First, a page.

Drink Up to Slim Down?

By Sally Squires
Tuesday, January 9, 2007

Earlier this month, the federal government imposed stiff fines on some well-known marketers of weight loss pill for deceptive marketing. Now, there are signs of concern about the marketing of other products that appear to promote weight loss. A new green tea beverage is drawing sharp criticism from scientists and from a consumer group that says the drink's promotional material implies that it could help with weight loss.

Enviga -- a green tea beverage supplemented with calcium and caffeine -- has been test-marketed in Philadelphia and New York since October. A joint venture of Coca-Cola and Nestle S.A., Enviga is slated to be sold nationwide in early February. A 12-ounce can is expected to cost between $1.29 and $1.49, according to Coca-Cola.

Enviga has five calories per can, according to its makers. It provides 90 milligrams of green tea extract, known as epigallocatechin gallate (EGCG), as well as caffeine and 20 percent of the daily value for calcium. That's a combination that is "proven to burn calories," its makers say on their Web site.

How many calories? That's under debate. There's limited research on the calorie-burning effects of EGCG and caffeine. There's also little, if anything, to show that consuming these substances translates into actual weight loss, since most studies have been small and short-term.

Take the company-funded research presented in October at the annual meeting of the North American Association for the Study of Obesity (NAASO). It found that drinking about three cans of Enviga daily boosted metabolism by about 100 calories. "When consumed regularly as part of a healthy diet and exercise regime, such a beverage may provide added benefits to help in weight control," the team concluded.

But the experiment lasted just three days and involved 32 people, a sampling that scientists would consider small. And all participants were either lean or of normal weight. Whether Enviga would have the same effect on overweight or obese people is not known.

NAASO was concerned enough that the researchers went too far in their conclusions that it issued a statement on the findings: "It is improper to state or imply that the results of this study support any weight loss or any statement related to this."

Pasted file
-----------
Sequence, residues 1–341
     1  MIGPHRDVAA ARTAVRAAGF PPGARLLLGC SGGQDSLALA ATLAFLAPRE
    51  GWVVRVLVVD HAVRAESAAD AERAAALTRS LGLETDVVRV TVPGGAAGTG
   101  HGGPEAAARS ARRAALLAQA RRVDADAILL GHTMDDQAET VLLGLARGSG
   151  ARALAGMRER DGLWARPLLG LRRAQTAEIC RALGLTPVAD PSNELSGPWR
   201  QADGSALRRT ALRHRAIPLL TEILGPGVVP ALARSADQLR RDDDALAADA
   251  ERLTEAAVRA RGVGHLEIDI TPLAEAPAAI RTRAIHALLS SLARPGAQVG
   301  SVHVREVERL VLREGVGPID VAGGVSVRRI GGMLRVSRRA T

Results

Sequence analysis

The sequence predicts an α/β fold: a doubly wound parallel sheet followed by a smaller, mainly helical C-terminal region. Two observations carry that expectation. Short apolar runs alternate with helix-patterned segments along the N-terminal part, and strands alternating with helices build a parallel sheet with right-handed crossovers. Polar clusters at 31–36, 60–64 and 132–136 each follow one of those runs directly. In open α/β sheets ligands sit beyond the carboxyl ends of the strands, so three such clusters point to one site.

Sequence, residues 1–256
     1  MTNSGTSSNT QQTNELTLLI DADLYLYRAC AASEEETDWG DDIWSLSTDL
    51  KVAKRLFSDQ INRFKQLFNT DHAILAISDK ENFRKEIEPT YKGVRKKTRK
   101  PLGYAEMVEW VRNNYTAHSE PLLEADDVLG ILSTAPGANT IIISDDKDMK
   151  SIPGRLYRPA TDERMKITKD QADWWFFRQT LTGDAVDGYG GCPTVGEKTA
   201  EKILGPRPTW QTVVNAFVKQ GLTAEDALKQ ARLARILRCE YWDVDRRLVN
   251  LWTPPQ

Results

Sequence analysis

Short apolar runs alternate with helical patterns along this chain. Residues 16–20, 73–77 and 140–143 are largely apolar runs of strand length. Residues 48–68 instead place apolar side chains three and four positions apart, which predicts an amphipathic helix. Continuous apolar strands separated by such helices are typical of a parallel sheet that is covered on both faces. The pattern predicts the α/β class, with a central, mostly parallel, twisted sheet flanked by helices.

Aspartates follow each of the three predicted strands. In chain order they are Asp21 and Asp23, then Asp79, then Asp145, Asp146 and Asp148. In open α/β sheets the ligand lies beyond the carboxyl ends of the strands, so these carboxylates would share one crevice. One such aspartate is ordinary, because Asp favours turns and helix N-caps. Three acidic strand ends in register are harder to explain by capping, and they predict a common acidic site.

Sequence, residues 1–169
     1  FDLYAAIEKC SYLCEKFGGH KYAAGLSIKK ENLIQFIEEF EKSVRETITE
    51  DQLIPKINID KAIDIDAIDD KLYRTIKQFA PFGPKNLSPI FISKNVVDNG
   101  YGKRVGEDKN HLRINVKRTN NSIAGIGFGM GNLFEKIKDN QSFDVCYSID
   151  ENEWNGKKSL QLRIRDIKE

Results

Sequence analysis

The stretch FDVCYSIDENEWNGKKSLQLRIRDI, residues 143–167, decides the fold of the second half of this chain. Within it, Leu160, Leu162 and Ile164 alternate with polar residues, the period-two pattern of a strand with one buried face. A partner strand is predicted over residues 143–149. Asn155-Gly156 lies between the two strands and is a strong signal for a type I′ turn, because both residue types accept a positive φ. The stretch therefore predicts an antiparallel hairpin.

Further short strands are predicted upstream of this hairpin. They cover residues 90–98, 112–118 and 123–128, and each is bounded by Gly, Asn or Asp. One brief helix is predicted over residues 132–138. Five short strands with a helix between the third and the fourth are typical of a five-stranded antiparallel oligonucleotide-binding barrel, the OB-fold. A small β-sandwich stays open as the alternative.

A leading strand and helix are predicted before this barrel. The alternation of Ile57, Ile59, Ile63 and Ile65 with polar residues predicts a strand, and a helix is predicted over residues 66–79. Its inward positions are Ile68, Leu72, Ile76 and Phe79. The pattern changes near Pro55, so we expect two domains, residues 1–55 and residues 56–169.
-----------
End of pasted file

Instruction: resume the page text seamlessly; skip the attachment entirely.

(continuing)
These scientists aren't the only ones concerned that Enviga might boost hopes for weight loss. The Center for Science in the Public Interest, a consumer advocacy group, has threatened legal action to stop Coca-Cola from marketing and promoting Enviga as a calorie burner.

"The implication is that this will help you lose weight," says the center's executive director, Michael Jacobson. "The effect of these ingredients on weight is trivial. . . . We have told Coca-Cola that if they don't stop making these claims we will sue them."

Ray Crockett, a spokesman for Coca-Cola, said that "we have worked very hard to get across the point that we are not presenting Enviga as a weight-loss product. We've said quite the opposite. It is not a magic bullet. It is a small step that a person can take in conjunction with a sensible diet and regular exercise to help maintain a healthy lifestyle."

As the obesity epidemic rages on, Enviga illustrates a growing interest in beverages and the role they may play in body weight.

When most people think about calories, they consider food, not drink. Yet beverages now account for about 20 percent of daily calories consumed by those 2 and older, according to Barry M. Popkin, director of the Interdisciplinary Obesity Center at the University of North Carolina at Chapel Hill.

"When did we start to drink anything other than water and [as babies] breast milk?" asks Popkin, co-author of a system to help consumers make smarter choices about beverages. "We didn't even have many caloric beverages 150 years ago, except a little bit of beer and a little bit of alcohol. We're really talking about a new addition to the human race."

That addition is often loaded with calories. Research suggests that at least half the excess calories consumed by Americans are sipped or swilled, not eaten. From 1977 to 2001, U.S. consumption of just two popular beverages -- juice and soft drinks -- nearly tripled, going from an average intake of 50 calories per day to nearly 155 calories. That increase could be enough to gain 15 pounds per year.

What's more, the brain doesn't seem to register liquid calories as accurately as calories that are chewed, and it doesn't send satiety signals to stop consumption of other food.

Why? "We don't know," says Barbara Rolls, professor of nutrition at Pennsylvania State University. "Hunger and thirst are controlled by separate mechanisms. At what point does food become a beverage or beverage a food? We don't know."

Knowing the smartest ways to quench your thirst without widening your waistline can be confusing. Here are a few ways to make your favorite beverages -- and perhaps you -- a little skinnier:

· Love your latte ? A 16-ounce latte with whole milk packs 260 calories. Even a skim latte contains 160 calories. Choose a skim cafe au lait the same size and shave 70 more calories. Or have a skim 16-ounce cappuccino, which has just 100 calories.

· Sip only unsweetened fruit juice. Limit to four ounces per day. Want more? Stretch those four ounces by adding it to sparkling water.

· Switch from 2 percent milk to skim. Doing just that saves 42 calories per eight ounces.

· Drink water, not sports drinks, for workouts. Unless you exercise for an hour or more, you don't need to replace sodium and other electrolytes lost through sweating.

· Green tea isn't always low-calorie. A grande Starbucks Blackberry Green Tea Frappuccino Blended Creme Whip has 560 calories and 15 grams of fat. Better choice: a large mug of green tea with a dab of honey and lemon. Calories: 20 to 30, depending on how much honey you use.

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